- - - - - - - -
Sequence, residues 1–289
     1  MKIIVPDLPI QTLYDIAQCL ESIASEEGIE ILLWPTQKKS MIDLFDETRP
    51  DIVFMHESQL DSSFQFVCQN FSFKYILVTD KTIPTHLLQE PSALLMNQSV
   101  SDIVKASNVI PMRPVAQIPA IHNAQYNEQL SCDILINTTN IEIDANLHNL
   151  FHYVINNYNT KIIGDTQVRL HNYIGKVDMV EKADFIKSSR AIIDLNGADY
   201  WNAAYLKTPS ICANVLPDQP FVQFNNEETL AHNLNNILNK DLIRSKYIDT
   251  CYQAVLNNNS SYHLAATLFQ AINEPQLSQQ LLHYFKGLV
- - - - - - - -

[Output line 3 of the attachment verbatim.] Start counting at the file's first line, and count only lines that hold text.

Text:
    51  DIVFMHESQL DSSFQFVCQN FSFKYILVTD KTIPTHLLQE PSALLMNQSV